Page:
Stephin Merritt’s latest thematic undertaking is drenched in reverb — brilliantly accentuating Shirley Simms’ sugary vocals, which in turn act as delicious adversaries to Merritt’s deep, miserablist delivery. Merritt’s arrangements are melodic and sunny as ever, lending Distortion a sort of strange happy-but-sad temper that feeds off its own simplistic beauty.
Health – Disco
Lovepump United
Disco brilliantly blends Health’s noise-rock melodies with tumultuous beats and grinding synths that cycle in and out of focus while simultaneously stomping heads and making love. Each mix is unique and interesting, never boring, giving the record a linear feel that darkly (and murderously) straddles the line between man and machine.
The Dodos – Visiter
Essentially The Dodos’ third album, Visiter furthers the delicate guitarplay of Meric Long, dueling splendidly harmonic vocal melodies, slightly dissonant interludes and Long’s penchant for driving (almost tribal) rhythms that appear and disappear and reappear throughout the record’s (grimy? possibly) entirety.
Foals – Antidotes
Sub Pop
Foals utilize myriad influences (everything from the madchester sounds of The Stone Roses to the current neo no-wave of New Young Pony Club), creating a dichotomy of cool — a mature, multicultural sound that staccatos along at a deliberately slow pace and still feels fevered and energetic; kind of like the assured international shitstorm of a U.S. oil spill near the Russian border.
Murder By Death – Red of Tooth and Claw
Murder By Death’s fourth full-length is a soulful deathride through tumbleweeds and deserts and ghost towns, characterized by cryptic string arrangements and haunting passages that brilliantly accentuate Adam Turla’s deep, guttural vocals.
Kings of Leon – Only By the Night
Only By the Night takes Kings of Leon’s despondent southern rock to new, anthemic heights that are draped in a polished sheen not found on their previous work. Still, it works — providing the songs a glisten and shimmer that brings to the forefront the melodies that were often dirtied and muddied in the past.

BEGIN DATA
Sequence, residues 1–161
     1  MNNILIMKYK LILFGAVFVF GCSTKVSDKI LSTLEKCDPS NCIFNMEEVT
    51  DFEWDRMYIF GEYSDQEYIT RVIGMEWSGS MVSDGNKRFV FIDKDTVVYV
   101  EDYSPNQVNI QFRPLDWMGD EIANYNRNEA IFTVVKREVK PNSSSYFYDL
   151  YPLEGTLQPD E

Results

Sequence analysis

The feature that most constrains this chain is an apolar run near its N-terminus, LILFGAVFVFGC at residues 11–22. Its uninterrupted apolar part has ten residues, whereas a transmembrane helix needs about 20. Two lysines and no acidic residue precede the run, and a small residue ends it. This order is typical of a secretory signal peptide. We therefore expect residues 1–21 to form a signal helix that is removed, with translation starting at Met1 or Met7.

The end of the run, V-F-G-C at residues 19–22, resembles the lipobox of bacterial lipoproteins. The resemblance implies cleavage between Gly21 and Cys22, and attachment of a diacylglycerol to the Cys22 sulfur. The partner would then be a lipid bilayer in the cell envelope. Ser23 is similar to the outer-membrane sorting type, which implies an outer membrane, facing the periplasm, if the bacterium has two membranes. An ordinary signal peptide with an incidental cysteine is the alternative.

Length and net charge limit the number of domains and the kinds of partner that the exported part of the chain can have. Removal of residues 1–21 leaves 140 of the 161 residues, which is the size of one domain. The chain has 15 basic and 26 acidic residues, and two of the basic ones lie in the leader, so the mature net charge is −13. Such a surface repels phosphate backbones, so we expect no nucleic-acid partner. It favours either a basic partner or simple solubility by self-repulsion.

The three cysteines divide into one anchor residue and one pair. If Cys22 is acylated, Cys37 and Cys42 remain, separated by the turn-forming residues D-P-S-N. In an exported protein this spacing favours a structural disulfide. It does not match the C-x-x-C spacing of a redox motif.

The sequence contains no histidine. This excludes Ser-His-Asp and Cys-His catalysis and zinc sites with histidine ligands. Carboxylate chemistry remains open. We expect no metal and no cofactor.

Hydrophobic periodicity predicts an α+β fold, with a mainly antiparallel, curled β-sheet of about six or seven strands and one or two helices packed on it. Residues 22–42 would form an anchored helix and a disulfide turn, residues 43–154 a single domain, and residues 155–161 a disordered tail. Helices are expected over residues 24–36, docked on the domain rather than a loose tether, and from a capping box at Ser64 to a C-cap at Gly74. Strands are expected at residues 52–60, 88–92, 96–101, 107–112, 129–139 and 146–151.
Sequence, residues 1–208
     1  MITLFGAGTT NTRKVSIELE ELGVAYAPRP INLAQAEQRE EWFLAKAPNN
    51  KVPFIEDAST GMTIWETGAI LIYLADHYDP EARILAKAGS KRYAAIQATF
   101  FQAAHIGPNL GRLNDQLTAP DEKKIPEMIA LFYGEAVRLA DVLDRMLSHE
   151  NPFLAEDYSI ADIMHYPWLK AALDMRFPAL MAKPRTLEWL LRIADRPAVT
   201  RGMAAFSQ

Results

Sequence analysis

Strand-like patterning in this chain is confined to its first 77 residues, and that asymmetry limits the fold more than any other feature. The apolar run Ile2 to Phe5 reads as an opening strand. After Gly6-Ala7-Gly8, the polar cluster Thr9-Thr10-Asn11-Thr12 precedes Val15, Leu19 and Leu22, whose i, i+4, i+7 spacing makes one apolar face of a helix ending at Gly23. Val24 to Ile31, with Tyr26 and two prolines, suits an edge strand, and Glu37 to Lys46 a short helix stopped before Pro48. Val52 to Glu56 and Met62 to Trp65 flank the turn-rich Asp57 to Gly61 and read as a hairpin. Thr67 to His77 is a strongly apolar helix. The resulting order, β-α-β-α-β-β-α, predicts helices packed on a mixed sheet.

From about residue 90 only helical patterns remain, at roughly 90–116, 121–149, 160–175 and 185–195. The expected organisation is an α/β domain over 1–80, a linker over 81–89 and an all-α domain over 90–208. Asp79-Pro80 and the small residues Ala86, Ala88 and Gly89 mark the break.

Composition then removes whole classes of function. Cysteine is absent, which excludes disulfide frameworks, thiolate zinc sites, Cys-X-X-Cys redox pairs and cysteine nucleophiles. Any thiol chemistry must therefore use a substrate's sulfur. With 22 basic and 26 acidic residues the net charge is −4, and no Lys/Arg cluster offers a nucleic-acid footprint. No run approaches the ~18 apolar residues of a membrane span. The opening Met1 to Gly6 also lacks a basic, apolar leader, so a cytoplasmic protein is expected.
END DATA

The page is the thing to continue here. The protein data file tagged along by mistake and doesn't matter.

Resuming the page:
Local H – 12 Angry Months
Shout! Factory
A concept album about breakups, this record perfectly encapsulates the withered energy required to sustain a useless and fruitless relationship. Musically, the band moves forward where P.J. Soles left off — at times willing to bare some vulnerability while still maintaining the thunderous power of past releases. As usual, Scott Lucas’s lyrics are witty and on point and smothered in a backdrop of pummeling, skullcrushing rhythmic passages.
Black Francis – Svn Fngrs
Cooking Vinyl
This mini-album from Frank Black is easily his best work since Teenager of the Year. Svn Fngrs is loaded with explosive riffs and supercharged dynamics — topped off with delicious, dripping melodies reminiscent of his prolific early-90s work.
Islands – Arm’s Way
Islands’ second full-length finds the band coming into their own as a band with an actual voice instead of just a post-Unicorns project. Arm’s Way is significantly darker than its predecessors, but it’s dark in that sort of way that makes you kind of want to just solitarily confine yourself while you listen to your own insanity and dance happily and think about murdering past lovers and then dance some more.
The Kills – Midnight Boom
The Kills’ latest is as raw and catchy as ever. VV’s vocals are spot on, with a heavy reliance on melodic PJ Harvey-styled causticity. Conversely, the mellow moments add a delicate, complimentary flavor to the edgy mood that surrounds.
Auxes – Sunshine
Former Milemarker Dave Laney’s new project is a stunning amalgam of corrosive melodies and spastic dynamics that come together like the offspring of some kind of Tom Waits-meets-At the Drive in mutation. Abrasive and beguiling and raw, and ultimately brilliant.
Thinking Machines – A Complete Record of Urban Archaeology
This Philadelphia trio’s third full-length is an exclamatory blend of post-punk dynamism and melodic discord that seamlessly connects to its roots but never denies its willingness to explore new sonic territory.
Pidgeon – Might as Well Go Eat Worms
Absolutely Kosher
Criminally underrated Pidgeon’s sophomore album takes more chances than its predecessor — consistently bait-and-switching the tempo; switching songs in the middle of songs; filling melodic passages with delightfully ear-splitting screams while simultaneously adding even more melody. Might As Well Go Eat Worms is a Pixies album on crack — taking extremes to the extreme all while brilliantly coalescing into one amazingly beautiful godlike sound.
Witch Hats – Cellulite Soul
Witch Hats first full-length continues the no-holds-barred, thunderous direction hinted at on their EP. Kris Buscombe’s rasping vocals perfectly match the band’s grungy, Nirvana-influenced palate, while the surrounding noise gives the record a fevered, frantic tone, creating a sort of catastrophic sounding cacophony of beautiful noise.
Crystal Castles – Crystal Castles
Last Gang
Crystal Castles’ long awaited full-length is smothered in 8-bit terror and synthy aural candy and out-of-this-world vocal manipulation and otherwise pure insanity. The new tracks stay true to the band’s renowned nightmare-freakscapes while adding an even more dancable vibe, creating a blistering fusion of intensity and melody.